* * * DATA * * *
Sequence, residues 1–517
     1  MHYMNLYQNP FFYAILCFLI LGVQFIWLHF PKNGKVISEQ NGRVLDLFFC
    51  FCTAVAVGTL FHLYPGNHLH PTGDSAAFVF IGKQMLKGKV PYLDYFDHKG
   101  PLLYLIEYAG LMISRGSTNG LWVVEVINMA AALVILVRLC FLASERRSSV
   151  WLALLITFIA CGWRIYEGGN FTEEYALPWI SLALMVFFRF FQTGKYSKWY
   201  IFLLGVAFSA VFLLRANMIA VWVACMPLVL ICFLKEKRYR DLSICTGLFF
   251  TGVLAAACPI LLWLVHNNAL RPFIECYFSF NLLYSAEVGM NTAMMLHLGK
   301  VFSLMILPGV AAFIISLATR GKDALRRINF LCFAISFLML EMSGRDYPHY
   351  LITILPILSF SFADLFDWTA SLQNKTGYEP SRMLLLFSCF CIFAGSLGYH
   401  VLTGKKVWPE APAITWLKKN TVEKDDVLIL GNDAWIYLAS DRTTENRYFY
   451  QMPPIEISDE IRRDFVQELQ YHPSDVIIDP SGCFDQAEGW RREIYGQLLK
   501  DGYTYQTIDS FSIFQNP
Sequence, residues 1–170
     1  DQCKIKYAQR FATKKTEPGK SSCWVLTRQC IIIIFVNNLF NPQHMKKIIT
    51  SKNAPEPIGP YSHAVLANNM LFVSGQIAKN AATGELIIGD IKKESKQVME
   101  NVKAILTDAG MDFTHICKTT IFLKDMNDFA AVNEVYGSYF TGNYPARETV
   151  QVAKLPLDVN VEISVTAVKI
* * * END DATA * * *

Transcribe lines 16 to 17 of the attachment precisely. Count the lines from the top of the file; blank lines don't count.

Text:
   101  NVKAILTDAG MDFTHICKTT IFLKDMNDFA AVNEVYGSYF TGNYPARETV
   151  QVAKLPLDVN VEISVTAVKI